Russian Businessman Denies His Involvement in Arms Deliveries to Congo

Source: Mosnews.com 03Nov06
[http://www.mosnews.com/news/2006/11/03/boutupd.shtml]

The U.S. government has frozen assets of two men from the former Soviet Union. Viktor Bout and Dmitry Popov are accused of illegally supplying weapons to rebels in the Democratic Republic of Congo, Russia Today reports.

According to a statement from the White House, the two were supplying weapons to the fighters in the east of the country using a small airline as cover. The arms were allegedly traded for illegal diamonds in Africa.

Victor Bout, businessmanVictor Bout commented on the recent actions and accusations by the American authorities' in Spotlight program on Russia Today.

"That's not first time America is freezing or blocking so called assets, although I don't have any assets in the US. Nevertheless, every time it is the same story, the same repetition. I can even call it a witch-hunt. They are accusing me since 1998 of all kinds of illegal arms trade in Africa. But even with all the power of the American administration, the CIA, the FBI and all their means like satellites, they are still not able to come with certain proof. Now the situation is very strange. Nobody approached me personally from the American administration and other entities just to check."

The businessman expressed his opinion on the UN report by a panel of experts, for instance, on alleged violations of the embargo on arms deliveries to UNITA in Angola.

"So called UN report done by the panel of experts also is very doubtful. They investigated in a very strange way. The Air Cess company, established in Liberia in 1995, was officially closed one year later. Since that moment we haven't had any operations in Liberia at all. It's easy to blame someone in the current situation without proper documents, without proof of what they are trying to say. Somebody is interested to keep this story warm."

Bout dismissed accusations that he owns an air freight company in the Congo closely tied to international arms trading networks.

"I am not the owner of the so-called Congolese company, and I don't know the half of the persons from Congo, mentioned. This story has a very strange beginning and a continuation. For eight years, everybody says I'm involved in this, blame me for that. If one tries to blame someone, he should come out, with the proof, take me to court to decide whether I'm guilty or not, or finish the investigation. I ask the new UN Secretary General to look into this investigation, the information they gathered, and the ways it was compiled. Anyone has a right to justice. The best way is to have professional investigators."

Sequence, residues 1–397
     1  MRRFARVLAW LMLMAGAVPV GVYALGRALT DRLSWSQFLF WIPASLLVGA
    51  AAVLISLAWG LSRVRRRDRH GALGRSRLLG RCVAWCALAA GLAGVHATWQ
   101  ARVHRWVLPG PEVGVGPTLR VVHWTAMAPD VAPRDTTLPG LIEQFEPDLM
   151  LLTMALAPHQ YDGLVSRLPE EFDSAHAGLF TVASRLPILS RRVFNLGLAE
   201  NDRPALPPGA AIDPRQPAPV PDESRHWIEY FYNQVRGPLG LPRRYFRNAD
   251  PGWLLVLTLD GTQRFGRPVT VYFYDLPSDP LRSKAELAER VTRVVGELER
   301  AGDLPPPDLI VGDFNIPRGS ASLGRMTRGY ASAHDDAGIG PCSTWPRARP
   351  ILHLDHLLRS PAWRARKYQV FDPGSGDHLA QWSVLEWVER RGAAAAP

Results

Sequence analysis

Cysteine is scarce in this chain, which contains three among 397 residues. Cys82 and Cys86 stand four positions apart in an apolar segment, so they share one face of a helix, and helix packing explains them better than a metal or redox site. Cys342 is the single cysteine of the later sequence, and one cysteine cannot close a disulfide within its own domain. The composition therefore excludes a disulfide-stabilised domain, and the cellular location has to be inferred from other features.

Bout shared his views about the nature of illegal weapons dealing.

"I'm a transporter. Our activities were completely OK with the law. If we come to certain country, we obtain permission from the government to arrive there with our planes. Why are they coming for me? They should ask the people who sent and received the cargo."

The businessman described as false allegations that his planes transferred Al-Qaeda gold reserves from Afghanistan to Sudan, and that he had business with Osama bin Laden.

"It's like a Hollywood movie. I'm sorry for Nicholas Cage who played there. It's a bad movie. I was in Afghanistan and met their Leaders. We had a case there. Our plane was arrested, but we haven't any dealing with Taliban. We transported a lot of commercial cargo to Afghanistan in 1996 and it's on record in Sharjah airport. The aircraft, transporting government cargo was intercepted by the Taliban and spent a year there. And then it escaped."

Bout shared his impressions of mullah Omar, one of the Taliban leaders, whom he met in the course of negotiating the release of the arrested crew.

"He is awful. If you have a leader, at least you expect to see someone, who is capable of proclaiming some ideas. These people even did not have enough ideas."

The businessman indicated he gave up the air freight business due to accusations against him. "I'm in construction business in Russia these days," he said.


 

Further reports and updates will be welcomed.

Back to Victor Bout's file